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A'aninin | Anishinaabe | Apache | Apache, Plains | Apache, Western | Arapaho | Arikara | Assiniboine | Blackfoot | Caddo | Catawba | Cayuga | Cherokee | Cheyenne | Chickasaw | Choctaw | Comanche | Creek | Crow | Lenape | Flathead | Haudenosaunee | Ho-Chunk | Hopi | Houma | Iñupiat | Iowa | Isleta | Kaw | Kickapoo | Laguna | Lakota | Mandan | Menominee | Meskwaki | Munsee | Nez Perce | Ojibwe | Omaha | Oneida | Otoe | Odawa | Penobscot | Pawnee | Ponca | Potawatomi | Quapaw | Seminole | Seneca | Shawnee | Shoshone | Stockbridge-Munsee | Tsimshian | Wabanaki | Wichita | Wyandot
Alternate forms: Arapahoe, Chippewa, Eskimo, Gros Ventre, Iroquois, Kansa, Lenape, Muscogee, Niimíipu, Odawa, Ojibwa, Ojibway, Salish, Sioux, Sac-and-Fox, Sauk-and-Fox, Winnebago, Wyandotte
Language(s): English
Date: 1939-1943
Extent: 0.25 linear feet
Description: There are a few items in the Frank G. Speck Papers currently identified as relating to Indian boarding schools.In the collection guide, under Subcollection 1, Series 1, in Section IV, "Southeast," see item IV(15H3), "Yuchi miscellaneous notes," which contains a letter from Ann Rolland (Haskell Institute), to Speck, April 6, 1941, as well as items under "C. Houma (Louisiana)" that relate to mission schools. In Section XIII, "Miscellaneous," see item XIII(22H), "Haskell Institute Roster," which lists of Native students and the Haskell Institute boarding school in 1939-1940, giving name, age, address, and tribe. (The tribes of the students included are listed above in this entry.) In Subcollection I, Series II, Biographical Material, see letters (listed alphabetically by author) from Leona E. Giger and Ann Rolland, both students at Haskell in the early 1940s. Also see letter from "Redge" and Gladys Laulin regarding Chippewa boy returning home for dances. In Series III, Photographs, there is an undated photograph [#10-14(a)] from the Shingwauk Indian Residential School. See also school-related photos in folders "Creek #3," "Eskimo [Inuit] (Labrador) #4," "Houma #1," #2, #7, and #8, "Pamunkey #6," and "Penobscot: People #2." In Series IV, Lantern Slides, there are slides of Native and Black students at the Hampton Institute. More boarding school-related material may be identified in the collection with further research.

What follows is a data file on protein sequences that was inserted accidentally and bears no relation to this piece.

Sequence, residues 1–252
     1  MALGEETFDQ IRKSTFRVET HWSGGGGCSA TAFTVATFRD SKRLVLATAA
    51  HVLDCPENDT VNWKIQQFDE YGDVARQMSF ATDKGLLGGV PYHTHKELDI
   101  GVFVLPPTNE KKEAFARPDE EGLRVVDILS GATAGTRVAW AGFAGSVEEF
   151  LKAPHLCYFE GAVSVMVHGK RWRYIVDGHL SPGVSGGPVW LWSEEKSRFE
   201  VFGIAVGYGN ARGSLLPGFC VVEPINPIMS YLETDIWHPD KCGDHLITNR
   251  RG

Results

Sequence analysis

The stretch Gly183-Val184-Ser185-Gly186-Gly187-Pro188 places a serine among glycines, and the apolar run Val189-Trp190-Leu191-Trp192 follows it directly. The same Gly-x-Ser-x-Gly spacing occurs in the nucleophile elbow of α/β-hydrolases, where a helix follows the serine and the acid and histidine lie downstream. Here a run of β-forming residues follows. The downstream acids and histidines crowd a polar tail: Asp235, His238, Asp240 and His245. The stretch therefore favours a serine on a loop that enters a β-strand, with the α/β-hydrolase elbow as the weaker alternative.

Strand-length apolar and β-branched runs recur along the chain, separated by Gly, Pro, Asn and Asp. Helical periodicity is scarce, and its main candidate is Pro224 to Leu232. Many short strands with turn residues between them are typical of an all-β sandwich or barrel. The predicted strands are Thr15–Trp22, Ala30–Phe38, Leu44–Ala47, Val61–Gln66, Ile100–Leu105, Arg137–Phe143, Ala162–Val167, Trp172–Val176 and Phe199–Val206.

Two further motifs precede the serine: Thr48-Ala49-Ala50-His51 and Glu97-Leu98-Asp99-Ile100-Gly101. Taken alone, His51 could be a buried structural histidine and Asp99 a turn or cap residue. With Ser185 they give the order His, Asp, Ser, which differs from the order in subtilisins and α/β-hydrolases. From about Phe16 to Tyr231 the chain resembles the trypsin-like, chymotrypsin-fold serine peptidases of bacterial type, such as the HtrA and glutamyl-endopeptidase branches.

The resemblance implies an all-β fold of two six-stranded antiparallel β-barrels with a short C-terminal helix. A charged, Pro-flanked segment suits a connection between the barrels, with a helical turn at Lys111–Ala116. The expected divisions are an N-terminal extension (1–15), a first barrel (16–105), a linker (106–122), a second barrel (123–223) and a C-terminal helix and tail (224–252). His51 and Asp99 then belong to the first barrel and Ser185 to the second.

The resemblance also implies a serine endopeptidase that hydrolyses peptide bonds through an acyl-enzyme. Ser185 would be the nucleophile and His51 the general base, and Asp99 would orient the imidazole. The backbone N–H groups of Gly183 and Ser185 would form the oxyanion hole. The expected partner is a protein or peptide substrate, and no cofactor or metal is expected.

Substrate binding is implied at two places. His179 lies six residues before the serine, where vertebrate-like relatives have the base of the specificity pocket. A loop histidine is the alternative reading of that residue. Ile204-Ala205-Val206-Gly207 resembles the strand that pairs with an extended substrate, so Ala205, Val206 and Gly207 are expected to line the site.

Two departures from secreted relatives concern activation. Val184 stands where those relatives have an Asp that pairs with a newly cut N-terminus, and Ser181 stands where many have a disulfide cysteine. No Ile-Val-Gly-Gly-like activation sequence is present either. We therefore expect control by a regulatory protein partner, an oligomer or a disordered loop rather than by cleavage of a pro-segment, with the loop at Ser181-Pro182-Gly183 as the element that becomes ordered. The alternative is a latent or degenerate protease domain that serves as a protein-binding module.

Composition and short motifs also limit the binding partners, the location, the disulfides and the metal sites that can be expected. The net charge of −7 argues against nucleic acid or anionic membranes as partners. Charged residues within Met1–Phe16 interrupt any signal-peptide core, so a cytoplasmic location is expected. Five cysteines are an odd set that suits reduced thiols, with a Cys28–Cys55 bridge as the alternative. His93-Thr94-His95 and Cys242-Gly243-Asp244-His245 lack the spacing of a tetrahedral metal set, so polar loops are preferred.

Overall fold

Collection: Frank G. Speck Papers (Mss.Ms.Coll.126)

Anishinaabe | Ojibwe | Potawatomi | Ho-Chunk | Meskwaki | Dakota | Menominee | Stockbridge-Munsee | Oneida | Iowa
Alternate forms: Ojibwa, Ojibway, Chippewa, Winnebago, Sac, Sauk, Fox, Sioux, Chiwere, Ioway
Language(s): English
Date: 1835-1838
Type:Text
Extent: 4 items
Description: Letters discussing grave robbing of Indigenous ancestors' remains and observations of contemporary Native people. Houghton has been among Winnebago, Sacs, Foxes, and Sioux; can get Pottawatomi, Winnebago, and Chippewa skulls, but to get to know personages may take longer; Pitcher is sending sketch to go with a skull. Dr. Wheaton, evidently an army surgeon, spent 1822-1827 at Sault Ste. Marie, then at Mackinaw and Green Bay; consumption infrequent among soldiers, French residents, and Indians, which he attributes to the dry cold climate there; recommends such as treatment for sufferers. Pitcher resigned his Army job for private practice and to assist in forming the medical department of the new University of Michigan. He will send Chippewa skulls to help Morton "build up something like an American Golgotha." Schoolcraft advises Morton to come to Mackinac for treaty payments, where he can see Indians, and suggests a route he can take west to see more Indians. Mentions Chippewa, Menominee, Winnebagos, Stockbridge (Mohegan), Brothertowns, Oneidas, Sioux, Iowa, Sac and Fox Indians.
Collection: Samuel George Morton Papers (Mss.B.M843)